Currently, the Victorian Parliament is considering legislation to strengthen the ability of the government to enforce rooming house standards and provide a strengthened ‘fit and proper persons’ test. VCOSS has called for stronger regulation of the rooming house sector for many years, including in our latest State Budget Submission (p.32). We welcome the provisions of the Rooming House Operators Bill 2015, and support its passage into Victorian law.
Even well-run rooming houses are often not great places to live. However, because of Victoria’s continuing housing affordability crisis, rooming houses fill an important role in providing housing to some of Victoria’s most vulnerable people, including people who are homeless. VCOSS believes that more affordable housing is needed so people have other choices than living in rooming houses, but that while rooming houses continue to operate, they should be managed to a decent standard by reputable operators.
In 2015, there were 1,146 rooming houses registered, and we understand there are still large numbers of illegal rooming houses. There are legislated standards for rooming houses, but these are still not always enforced.
VCOSS members continue to report that some people continue to operate sub-standard rooming houses that are unsafe, insecure, and do not comply with the current standards. They report that they have personally witnessed health safety issues such as vermin, leaking showers and mould; lack of security including broken doors and windows; hazardous living conditions including dysfunctional smoke detectors, unsafe gas heaters, asbestos, dangerous wiring or blocked emergency exits; and general filth, dilapidation and rubbish.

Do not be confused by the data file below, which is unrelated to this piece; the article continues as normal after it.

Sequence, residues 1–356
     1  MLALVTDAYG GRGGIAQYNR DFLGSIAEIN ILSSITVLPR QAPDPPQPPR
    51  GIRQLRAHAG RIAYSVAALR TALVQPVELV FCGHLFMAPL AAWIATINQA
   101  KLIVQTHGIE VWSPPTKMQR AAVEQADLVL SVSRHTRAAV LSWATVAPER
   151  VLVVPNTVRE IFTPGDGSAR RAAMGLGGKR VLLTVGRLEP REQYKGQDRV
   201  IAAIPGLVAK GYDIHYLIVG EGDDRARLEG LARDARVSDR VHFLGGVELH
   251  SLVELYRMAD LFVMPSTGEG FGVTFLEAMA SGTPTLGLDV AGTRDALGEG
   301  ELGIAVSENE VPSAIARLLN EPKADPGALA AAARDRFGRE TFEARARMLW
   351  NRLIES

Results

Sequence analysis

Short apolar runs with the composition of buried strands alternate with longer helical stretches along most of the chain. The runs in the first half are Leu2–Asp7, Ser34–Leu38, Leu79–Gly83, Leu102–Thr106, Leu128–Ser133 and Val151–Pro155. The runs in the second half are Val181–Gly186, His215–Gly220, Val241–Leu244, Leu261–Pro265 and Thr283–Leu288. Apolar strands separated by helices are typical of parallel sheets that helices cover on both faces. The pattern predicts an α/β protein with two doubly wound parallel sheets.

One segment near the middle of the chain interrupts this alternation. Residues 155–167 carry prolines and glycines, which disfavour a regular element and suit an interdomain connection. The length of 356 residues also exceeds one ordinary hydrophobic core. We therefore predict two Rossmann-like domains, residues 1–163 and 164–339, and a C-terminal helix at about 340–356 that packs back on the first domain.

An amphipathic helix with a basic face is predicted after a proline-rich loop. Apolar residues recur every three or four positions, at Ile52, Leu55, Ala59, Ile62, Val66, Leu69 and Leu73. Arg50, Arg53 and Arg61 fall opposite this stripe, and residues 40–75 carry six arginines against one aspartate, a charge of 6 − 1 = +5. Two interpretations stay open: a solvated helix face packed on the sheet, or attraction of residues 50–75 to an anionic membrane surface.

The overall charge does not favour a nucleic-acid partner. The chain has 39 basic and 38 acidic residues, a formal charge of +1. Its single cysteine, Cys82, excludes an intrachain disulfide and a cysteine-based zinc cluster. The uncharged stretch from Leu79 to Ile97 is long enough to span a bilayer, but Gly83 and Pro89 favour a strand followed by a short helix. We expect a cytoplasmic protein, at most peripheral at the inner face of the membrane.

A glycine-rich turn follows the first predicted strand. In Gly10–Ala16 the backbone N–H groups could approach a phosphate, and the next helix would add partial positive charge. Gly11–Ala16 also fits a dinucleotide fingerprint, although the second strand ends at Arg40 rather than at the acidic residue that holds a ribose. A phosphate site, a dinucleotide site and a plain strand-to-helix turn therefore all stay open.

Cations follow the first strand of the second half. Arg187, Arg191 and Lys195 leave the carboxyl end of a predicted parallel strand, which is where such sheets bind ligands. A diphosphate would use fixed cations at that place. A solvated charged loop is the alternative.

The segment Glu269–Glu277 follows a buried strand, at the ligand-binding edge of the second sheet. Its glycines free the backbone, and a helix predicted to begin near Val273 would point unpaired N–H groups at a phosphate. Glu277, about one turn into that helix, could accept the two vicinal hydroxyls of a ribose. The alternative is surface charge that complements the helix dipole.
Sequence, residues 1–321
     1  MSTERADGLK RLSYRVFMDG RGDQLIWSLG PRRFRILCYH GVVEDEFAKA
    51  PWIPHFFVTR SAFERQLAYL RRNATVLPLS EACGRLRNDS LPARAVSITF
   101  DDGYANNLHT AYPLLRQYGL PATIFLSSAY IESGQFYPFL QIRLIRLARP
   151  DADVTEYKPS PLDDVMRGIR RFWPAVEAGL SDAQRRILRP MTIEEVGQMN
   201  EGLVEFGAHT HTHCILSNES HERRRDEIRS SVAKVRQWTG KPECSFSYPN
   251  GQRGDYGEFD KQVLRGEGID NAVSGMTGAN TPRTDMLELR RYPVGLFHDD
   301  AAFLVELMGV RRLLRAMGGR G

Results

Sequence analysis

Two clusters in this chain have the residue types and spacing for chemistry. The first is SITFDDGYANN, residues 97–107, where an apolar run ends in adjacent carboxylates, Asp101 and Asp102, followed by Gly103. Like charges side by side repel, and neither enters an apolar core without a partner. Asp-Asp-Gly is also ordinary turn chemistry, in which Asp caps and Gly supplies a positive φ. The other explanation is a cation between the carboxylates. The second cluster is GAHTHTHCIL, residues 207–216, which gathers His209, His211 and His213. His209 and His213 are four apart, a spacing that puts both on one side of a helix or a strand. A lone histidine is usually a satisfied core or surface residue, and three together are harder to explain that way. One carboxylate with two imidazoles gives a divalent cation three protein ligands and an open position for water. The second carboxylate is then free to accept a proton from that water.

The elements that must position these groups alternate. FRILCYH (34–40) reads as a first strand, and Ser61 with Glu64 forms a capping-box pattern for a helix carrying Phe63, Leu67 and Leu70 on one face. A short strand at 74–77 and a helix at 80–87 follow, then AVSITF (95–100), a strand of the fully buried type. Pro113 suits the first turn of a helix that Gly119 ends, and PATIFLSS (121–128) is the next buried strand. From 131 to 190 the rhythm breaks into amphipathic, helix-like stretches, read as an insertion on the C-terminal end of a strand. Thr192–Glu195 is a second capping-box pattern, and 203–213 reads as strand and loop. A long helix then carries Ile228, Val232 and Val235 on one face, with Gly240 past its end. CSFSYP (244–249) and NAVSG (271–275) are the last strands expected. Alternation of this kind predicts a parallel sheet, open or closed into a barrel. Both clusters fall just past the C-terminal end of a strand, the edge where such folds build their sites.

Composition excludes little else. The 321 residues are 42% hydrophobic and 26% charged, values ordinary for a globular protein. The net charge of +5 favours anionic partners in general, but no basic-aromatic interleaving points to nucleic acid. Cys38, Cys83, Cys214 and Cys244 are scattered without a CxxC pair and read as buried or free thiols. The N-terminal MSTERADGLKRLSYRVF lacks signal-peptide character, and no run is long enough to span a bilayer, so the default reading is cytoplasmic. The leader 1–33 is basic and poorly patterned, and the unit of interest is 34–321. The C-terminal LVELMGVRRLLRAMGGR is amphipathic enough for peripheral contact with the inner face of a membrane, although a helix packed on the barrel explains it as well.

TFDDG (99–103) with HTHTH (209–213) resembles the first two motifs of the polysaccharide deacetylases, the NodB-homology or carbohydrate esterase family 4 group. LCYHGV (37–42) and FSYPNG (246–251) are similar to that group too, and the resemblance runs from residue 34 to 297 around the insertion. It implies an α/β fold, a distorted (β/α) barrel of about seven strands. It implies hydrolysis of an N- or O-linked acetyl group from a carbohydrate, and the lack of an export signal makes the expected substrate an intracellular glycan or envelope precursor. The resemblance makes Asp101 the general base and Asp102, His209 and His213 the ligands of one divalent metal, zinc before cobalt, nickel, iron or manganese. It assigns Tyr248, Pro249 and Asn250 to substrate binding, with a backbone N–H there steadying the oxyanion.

The legislation gives the state government the power to determine who is legally responsible for operating rooming houses, and the ‘fit and proper persons’ test provides much stricter criteria for who is able to operate a rooming house. The legislation also allows the government greater powers to inspect rooming houses to ensure that they are operating legally and in line with standards, and greater ability to take action if premises are not compliant, or operators have a history of criminal activity or breaches of laws relating to rooming house operation.
The ‘fit and proper persons’ test and stronger enforcement of laws is not a panacea, and much more needs to be done to expand the supply of social and affordable housing so people can find long-term security and privacy in their homes. But it will help remove poor operators, and help the government more strongly address illegal operators. This means fewer people will be living in sub-standard accommodation, and ensure that where rooming houses exist, they are decent facilities operated by reputable people.
VCOSS would like to especially thank the Tenant’s Union of Victoria, a VCOSS member organisation, for their expertise on this issue and unwavering advocacy for rooming house reform.